For Marina, this would have been a totally alien concept. She grew up in a world where rank and position were paramount and where the vast European royal network was incredibly important. It's therefore not a surprise that after Queen Mary's death, she found herself increasingly at odds with the British court and tended to be a bit of a loner. But as you rightly say, she was extremely popular with the British people which gave her a kind of special position within the family. Even when both sides of the House of Commons criticised the cost of refurbishing Apartment 1a at Kensington Palace for Marina, they went to great lengths to include statements of praise for the Duchess because they didn't want to be seen to attack her personally.

Princesses are no longer made the way Marina was. And for the Queen Mother, she must have been a constant reminder that Elizabeth Bowes-Lyon was a royal outsider. I don't think that bothered Princess Alice (Gloucester) one bit but Marina was real competition. Especially when you consider that the only other sister-in-law the Queen Mother had was the Duchess of Windsor and we all know the story there. I can see the situation from both sides. Marina disagreed with the way the Queen Mother raised her daughters and how she lived in her widowhood. Elizabeth thought Marina was a snob and demanded too much. I don't see how they ever really could have been friends.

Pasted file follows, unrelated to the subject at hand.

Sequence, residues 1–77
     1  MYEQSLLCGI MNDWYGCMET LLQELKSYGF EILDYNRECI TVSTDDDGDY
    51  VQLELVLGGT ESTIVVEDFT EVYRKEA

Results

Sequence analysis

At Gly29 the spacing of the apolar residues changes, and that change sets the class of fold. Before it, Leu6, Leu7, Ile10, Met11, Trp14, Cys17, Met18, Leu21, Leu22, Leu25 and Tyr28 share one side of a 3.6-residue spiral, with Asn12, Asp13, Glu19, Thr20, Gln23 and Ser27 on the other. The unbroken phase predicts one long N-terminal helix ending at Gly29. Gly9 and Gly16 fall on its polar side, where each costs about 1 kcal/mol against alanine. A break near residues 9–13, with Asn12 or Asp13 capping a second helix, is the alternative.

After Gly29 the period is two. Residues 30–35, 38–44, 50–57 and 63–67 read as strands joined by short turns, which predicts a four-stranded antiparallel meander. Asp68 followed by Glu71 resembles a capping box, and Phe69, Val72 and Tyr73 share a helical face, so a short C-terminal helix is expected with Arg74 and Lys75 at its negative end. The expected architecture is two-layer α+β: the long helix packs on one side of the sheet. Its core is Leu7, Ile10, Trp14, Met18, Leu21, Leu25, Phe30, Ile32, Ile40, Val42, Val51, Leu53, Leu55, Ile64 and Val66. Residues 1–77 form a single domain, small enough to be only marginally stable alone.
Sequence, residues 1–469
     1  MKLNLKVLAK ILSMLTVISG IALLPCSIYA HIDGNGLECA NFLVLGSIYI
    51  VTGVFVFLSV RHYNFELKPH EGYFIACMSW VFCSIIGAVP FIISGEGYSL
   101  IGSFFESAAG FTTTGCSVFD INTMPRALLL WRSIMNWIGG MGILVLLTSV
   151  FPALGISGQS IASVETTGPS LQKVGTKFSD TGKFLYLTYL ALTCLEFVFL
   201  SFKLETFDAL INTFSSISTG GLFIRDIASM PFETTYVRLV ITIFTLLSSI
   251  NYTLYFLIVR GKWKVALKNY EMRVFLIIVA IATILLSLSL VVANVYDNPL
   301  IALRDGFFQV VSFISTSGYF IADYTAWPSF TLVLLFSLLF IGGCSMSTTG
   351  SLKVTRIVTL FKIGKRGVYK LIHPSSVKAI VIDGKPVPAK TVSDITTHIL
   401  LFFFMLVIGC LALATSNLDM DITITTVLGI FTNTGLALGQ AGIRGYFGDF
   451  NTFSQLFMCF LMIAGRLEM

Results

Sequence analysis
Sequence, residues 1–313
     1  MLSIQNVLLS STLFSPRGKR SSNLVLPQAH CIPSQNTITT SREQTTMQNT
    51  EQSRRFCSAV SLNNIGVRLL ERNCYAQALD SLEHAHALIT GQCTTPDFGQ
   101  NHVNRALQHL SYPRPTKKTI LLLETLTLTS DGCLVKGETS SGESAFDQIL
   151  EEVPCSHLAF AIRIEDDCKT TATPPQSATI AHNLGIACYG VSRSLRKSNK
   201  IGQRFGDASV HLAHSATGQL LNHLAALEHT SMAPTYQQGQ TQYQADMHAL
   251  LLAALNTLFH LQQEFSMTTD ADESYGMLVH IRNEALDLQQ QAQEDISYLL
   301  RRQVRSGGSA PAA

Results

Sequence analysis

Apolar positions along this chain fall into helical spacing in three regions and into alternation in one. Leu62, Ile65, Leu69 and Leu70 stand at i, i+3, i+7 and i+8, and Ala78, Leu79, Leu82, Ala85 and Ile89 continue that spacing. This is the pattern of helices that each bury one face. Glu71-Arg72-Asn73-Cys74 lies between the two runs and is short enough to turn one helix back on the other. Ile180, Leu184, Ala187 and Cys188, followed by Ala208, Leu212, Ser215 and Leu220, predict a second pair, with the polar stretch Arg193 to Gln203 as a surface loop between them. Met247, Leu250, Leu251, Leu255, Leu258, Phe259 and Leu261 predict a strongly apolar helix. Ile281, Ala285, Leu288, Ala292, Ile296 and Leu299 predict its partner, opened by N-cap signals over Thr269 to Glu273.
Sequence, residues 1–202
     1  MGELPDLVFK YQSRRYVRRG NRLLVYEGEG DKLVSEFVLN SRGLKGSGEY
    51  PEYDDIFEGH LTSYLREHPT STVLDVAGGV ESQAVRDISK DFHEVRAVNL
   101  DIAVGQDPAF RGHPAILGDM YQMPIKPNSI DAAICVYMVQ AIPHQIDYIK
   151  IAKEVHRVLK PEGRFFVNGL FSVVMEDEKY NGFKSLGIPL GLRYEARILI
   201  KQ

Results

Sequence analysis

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  #125  
Old 01-10-2018, 05:58 PM